Problem: Consider a classifier C with K class labels trained on $(Y_i, X_i)$, $i = 0, . . . , n.$ Let $(Y_0, x_0)$ be a test observation and $\hat{Y}_0$ be the predicted class label (by $C$ ) for $x_0$. Prove that the probability of misclassification $P(\hat{Y}_0 \ne Y_0|x_0)$ satisfies $P(\hat{Y}_0 \ne Y_0|x_0) ≥ 1 − \max_{\{ k=1,...,K \}} P(Y_0 = k|x_0)$ .

My thinking: Let us suppose we have K classes $C_0, C_1, C_2,…C_{k-1}$. Then Bayes formula gives us:

$P(Y_0 = k|x_0)= \frac{P(x_0)\times P(Y_0=k)}{\sum^{k-1}_k{P(x_0)\times P(Y_0=k)}}$

The Bayes Rule for Minimum Error is to classify a case as belonging to $C_j$ if

${P(x_0)\times P(Y_0=k)} \ge \max_{\{ k=1,...,K \}}{P(x_0)\times P(Y_0=k)} $

Then I could not figure it to move further. I appreciate your suggestions. Thanks!


Substitute $P(\hat Y_0\neq Y_0|x_0)=1-P(\hat Y_0=Y_0|x_0)$, and you get $$P(\hat Y_0=Y_0|x_0)\leq \max_{k=1..K}P(Y_0=k|x_0)$$ which is true because $Y_0\in\{1...K\}$.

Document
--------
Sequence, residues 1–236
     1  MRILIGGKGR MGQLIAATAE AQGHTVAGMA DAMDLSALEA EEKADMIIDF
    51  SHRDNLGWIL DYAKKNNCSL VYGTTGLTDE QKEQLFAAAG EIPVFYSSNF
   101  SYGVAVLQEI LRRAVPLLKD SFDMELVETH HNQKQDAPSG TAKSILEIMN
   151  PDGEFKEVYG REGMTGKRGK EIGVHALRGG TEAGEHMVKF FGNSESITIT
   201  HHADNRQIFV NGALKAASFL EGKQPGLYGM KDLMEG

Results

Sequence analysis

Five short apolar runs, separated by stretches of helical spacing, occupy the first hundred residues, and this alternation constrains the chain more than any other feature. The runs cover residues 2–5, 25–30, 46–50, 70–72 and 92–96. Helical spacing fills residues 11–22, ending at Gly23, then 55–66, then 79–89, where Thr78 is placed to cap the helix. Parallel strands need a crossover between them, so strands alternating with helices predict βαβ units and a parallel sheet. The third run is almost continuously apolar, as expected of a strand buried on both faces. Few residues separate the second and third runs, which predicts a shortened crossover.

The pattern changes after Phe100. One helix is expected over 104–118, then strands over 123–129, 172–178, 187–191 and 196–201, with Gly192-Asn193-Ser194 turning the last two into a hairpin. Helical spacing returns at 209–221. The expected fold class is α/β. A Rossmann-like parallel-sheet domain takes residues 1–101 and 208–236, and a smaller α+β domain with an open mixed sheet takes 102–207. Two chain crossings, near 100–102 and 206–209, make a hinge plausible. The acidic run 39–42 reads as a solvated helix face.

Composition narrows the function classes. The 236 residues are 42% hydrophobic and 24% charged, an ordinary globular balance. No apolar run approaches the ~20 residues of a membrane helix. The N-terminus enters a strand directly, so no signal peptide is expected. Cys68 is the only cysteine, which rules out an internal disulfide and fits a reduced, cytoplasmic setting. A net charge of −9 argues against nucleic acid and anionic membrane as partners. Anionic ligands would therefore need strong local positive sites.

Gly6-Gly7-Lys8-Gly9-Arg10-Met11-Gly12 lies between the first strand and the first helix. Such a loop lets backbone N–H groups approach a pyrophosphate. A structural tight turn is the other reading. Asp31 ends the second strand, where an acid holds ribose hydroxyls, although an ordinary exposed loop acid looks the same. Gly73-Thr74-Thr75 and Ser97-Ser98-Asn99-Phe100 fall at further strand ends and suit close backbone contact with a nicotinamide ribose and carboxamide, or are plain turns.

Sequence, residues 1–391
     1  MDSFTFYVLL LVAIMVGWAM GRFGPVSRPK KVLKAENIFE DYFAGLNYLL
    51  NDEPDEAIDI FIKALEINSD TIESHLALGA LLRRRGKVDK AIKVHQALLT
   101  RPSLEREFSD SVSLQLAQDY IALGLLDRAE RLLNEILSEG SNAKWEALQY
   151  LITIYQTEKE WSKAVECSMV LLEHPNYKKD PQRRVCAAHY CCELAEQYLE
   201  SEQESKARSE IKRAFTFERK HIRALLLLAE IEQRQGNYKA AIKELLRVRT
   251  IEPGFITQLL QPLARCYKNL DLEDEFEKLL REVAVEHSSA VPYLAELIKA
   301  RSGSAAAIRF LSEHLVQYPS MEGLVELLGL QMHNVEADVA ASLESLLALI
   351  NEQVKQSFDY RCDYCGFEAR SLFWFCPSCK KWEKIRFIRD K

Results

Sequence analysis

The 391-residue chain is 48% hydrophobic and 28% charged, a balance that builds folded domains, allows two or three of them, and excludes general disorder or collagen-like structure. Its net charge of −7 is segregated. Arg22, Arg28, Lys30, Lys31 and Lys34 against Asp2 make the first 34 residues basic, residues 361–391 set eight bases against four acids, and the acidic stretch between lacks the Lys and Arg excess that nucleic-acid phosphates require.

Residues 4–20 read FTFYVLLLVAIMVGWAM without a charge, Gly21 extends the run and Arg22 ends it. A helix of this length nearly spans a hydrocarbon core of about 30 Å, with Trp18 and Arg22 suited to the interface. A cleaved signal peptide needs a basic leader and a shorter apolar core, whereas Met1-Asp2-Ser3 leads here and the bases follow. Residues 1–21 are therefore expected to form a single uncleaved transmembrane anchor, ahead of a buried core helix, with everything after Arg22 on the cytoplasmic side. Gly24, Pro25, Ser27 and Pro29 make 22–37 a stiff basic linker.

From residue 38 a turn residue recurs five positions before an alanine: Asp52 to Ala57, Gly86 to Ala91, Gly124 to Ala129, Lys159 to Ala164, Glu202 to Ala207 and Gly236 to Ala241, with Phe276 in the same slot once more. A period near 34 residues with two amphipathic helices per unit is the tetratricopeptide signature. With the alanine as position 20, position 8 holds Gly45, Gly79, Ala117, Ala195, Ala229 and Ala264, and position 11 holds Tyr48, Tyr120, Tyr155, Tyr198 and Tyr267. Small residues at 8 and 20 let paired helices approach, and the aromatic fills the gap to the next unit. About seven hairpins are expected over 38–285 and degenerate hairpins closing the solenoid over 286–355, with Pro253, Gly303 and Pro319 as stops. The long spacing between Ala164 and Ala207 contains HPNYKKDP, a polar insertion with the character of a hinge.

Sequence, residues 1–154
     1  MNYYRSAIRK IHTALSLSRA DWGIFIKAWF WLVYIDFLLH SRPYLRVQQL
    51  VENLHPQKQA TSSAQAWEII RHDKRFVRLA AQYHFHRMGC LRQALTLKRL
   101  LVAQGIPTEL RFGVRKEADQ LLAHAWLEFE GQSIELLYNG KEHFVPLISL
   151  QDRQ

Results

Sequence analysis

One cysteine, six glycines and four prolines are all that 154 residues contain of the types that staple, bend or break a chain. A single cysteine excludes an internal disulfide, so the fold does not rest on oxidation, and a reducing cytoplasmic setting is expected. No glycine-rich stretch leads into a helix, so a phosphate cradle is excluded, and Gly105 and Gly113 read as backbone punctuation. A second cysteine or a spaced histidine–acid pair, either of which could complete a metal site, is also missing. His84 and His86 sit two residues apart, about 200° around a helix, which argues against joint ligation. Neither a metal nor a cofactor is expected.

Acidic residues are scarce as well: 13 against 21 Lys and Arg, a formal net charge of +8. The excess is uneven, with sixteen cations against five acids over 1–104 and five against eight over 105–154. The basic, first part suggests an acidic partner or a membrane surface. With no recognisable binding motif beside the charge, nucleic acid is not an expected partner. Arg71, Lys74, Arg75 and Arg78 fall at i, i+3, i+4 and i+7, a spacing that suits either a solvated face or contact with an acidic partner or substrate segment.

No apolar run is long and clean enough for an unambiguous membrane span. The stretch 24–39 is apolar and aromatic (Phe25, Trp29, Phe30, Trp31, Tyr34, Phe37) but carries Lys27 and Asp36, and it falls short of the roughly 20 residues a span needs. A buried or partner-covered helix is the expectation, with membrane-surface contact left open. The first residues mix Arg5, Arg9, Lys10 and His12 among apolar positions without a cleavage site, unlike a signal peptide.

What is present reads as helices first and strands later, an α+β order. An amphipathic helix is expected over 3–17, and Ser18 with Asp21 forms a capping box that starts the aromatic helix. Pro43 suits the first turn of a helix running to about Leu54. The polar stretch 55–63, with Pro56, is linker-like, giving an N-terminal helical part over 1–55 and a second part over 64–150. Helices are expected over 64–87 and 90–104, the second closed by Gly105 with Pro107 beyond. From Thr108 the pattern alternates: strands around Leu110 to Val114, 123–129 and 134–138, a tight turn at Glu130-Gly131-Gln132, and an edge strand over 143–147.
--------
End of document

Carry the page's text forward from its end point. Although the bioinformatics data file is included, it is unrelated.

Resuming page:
• $\begingroup$ So I don't need Bayes formula? I just need to substitute the expression you gave in the probability of misclassification's condition. Right? $\endgroup$ – Simpson's Paradox Oct 28 '20 at 20:40
  • $\begingroup$ Yes, it's just $1-P(X=x)=P(X\neq x)$, did you notice that? $\endgroup$ – gunes Oct 28 '20 at 20:41
  • $\begingroup$ Yes, I did! I was kinda confused with the problem statement. I got it now. Thank you so much! $\endgroup$ – Simpson's Paradox Oct 28 '20 at 20:48

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